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The American Journal of Managed Care April 2020
High-Cost, High-Need Patients: The Impact of Reported Penicillin Allergy
Kimberly G. Blumenthal, MD, MSc; Nicolas M. Oreskovic, MD, MPH; Xiaoqing Fu, MS; Fatma M. Shebl, MD, PhD; Christian M. Mancini, BS; Jennifer M. Maniates, MA; and Rochelle P. Walensky, MD, MPH
Solid-Organ Transplant Recipients With Hyperglycemia on Admission Face Worse Outcomes
Amit Akirov, MD; Tzipora Shochat, MSc; and Ilan Shimon, MD
Incorporating Telemedicine as Part of COVID-19 Outbreak Response Systems
Kimberly Lovett Rockwell, MD, JD; and Alexis S. Gilroy, JD
The Patient-Driven Payment Model: Addressing Perverse Incentives, Creating New Ones
Mark Aaron Unruh, PhD; Dhruv Khullar, MD, MPP; and Hye-Young Jung, PhD
In Uncertain Times, Public Service Leadership More Important Than Ever: A Q&A With Sherry Glied, PhD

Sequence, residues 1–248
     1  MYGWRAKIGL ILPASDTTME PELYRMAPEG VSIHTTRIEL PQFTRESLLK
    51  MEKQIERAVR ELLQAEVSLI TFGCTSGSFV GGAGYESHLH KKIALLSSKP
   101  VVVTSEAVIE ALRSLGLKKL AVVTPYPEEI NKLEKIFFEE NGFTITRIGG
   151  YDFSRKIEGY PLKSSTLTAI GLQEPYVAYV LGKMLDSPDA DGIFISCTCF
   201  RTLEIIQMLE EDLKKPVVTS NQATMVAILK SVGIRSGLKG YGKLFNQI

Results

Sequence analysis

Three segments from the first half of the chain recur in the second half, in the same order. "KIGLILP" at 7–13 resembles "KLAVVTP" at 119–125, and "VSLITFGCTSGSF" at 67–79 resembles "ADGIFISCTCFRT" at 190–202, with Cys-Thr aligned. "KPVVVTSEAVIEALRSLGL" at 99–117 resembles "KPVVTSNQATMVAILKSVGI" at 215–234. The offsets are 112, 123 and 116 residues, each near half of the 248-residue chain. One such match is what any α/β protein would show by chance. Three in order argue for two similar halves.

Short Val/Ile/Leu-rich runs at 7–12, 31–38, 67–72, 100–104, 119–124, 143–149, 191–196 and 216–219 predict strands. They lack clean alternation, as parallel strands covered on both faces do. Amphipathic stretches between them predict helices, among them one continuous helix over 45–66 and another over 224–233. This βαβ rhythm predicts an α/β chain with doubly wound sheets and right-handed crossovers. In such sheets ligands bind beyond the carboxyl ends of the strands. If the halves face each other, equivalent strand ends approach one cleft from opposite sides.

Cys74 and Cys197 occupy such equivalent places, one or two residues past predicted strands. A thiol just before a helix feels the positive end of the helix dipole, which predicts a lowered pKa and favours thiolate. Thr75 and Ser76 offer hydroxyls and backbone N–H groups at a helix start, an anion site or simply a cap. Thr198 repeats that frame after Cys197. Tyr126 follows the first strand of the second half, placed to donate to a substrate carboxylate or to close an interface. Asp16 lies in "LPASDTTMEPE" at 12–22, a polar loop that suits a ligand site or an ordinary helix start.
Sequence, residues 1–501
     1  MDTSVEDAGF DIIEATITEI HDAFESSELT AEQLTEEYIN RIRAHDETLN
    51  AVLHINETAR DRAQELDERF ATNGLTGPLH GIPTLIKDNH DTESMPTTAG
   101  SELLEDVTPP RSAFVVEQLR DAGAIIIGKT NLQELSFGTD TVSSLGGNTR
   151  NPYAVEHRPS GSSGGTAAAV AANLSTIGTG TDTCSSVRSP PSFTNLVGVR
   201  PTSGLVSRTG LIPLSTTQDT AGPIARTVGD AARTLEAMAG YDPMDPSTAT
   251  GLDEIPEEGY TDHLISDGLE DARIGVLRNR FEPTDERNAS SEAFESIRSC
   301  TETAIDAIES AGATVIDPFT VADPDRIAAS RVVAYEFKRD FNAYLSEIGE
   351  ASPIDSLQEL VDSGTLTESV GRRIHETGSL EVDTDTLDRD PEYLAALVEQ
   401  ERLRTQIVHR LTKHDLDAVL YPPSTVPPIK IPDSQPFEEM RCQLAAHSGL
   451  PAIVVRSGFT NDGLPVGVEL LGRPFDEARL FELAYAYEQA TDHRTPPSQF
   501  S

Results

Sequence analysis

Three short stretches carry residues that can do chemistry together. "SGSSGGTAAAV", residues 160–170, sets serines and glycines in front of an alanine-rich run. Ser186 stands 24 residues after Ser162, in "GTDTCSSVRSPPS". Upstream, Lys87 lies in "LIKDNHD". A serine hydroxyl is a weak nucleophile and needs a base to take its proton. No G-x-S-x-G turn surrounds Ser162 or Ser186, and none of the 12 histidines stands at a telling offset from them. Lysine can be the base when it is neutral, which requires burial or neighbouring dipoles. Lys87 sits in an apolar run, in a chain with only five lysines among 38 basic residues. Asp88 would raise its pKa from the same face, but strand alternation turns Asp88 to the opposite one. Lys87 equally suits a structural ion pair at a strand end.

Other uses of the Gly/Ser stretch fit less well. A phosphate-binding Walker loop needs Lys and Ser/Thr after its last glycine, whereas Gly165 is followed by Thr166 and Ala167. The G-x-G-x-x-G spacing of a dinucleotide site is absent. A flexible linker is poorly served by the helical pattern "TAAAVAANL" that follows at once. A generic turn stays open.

Interview by Allison Inserro
Spending Variation Among ACOs in the Medicare Shared Savings Program
Michael Anne Kyle, MSN, MPH; J. Michael McWilliams, MD, PhD; Mary Beth Landrum, PhD; Bruce E. Landon, MD, MBA; Paul Trompke, MPP; David J. Nyweide, PhD; and Michael E. Chernew, PhD
Collaborative Care Plans Reduce Subspecialty Consults: The Experience From a Safety Net Hospital
Arshag D. Mooradian, MD; Ronald Stone, RD, MBA; Carlos Palacio, MD, MPH; and Eric Stewart, MD
Response to “e-Consult Implementation Success: Lessons From 5 County-Based Delivery Systems”
Melissa D. Sexton, PhD, MDiv, LMFT; LaToya K. Williams, EdD, LCSW; and Lillianne Lewis Debnam, MD, MPH
Initiation of Triple Therapy Maintenance Treatment Among Patients With COPD
Yong Li, PhD; Jonathan Lim, MSc; Stephen Stemkowski, PhD; Shuchita Kaila, PhD; Andrew Renda, MD; and Asif Shaikh, MD
LACE+ Index as a Predictor of 90-Day Plastic Surgery Outcomes
Eric Winter, BS; Gregory Glauser, BS; Ian F. Caplan, BS; Stephen Goodrich, BS; Scott D. McClintock, PhD; Stephen J. Kovach III, MD; Joshua Fosnot, MD; Joseph M. Serletti, MD; and Neil R. Malhotra, MD
Outcomes of Liver Transplantation by Insurance Type in the United States
Maria Stepanova, PhD; Saleh Al Qahtani, MD; Alita Mishra, MD; Issah Younossi, MPH; Chapy Venkatesan, MD; and Zobair M. Younossi, MD, MPH
Primary Care Physician Practice Styles and Quality, Cost, and Productivity
Harold S. Luft, PhD; Su-Ying Liang, PhD; Laura J. Eaton, MD, MPH; and Sukyung Chung, PhD